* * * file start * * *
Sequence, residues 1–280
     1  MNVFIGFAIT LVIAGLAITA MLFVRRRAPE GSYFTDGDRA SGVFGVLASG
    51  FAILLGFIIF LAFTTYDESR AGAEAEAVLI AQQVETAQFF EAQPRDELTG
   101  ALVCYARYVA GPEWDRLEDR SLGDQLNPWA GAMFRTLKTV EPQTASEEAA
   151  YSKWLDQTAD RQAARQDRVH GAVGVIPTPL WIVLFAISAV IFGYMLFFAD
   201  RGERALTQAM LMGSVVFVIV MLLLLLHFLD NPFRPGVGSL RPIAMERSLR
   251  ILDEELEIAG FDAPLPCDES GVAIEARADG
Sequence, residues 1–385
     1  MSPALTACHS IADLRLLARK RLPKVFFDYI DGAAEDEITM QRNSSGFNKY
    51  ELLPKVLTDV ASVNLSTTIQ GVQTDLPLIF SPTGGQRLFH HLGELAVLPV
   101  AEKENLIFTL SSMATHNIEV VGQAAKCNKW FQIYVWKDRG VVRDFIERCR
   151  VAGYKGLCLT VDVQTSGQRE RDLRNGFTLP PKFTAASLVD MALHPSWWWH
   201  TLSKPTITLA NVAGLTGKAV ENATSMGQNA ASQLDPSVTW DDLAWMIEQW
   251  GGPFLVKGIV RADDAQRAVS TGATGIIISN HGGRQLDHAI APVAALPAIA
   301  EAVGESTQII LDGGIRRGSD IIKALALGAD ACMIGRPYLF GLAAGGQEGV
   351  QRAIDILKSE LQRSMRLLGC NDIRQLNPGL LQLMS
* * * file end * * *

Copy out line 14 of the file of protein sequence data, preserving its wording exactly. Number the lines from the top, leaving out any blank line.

   251  GGPFLVKGIV RADDAQRAVS TGATGIIISN HGGRQLDHAI APVAALPAIA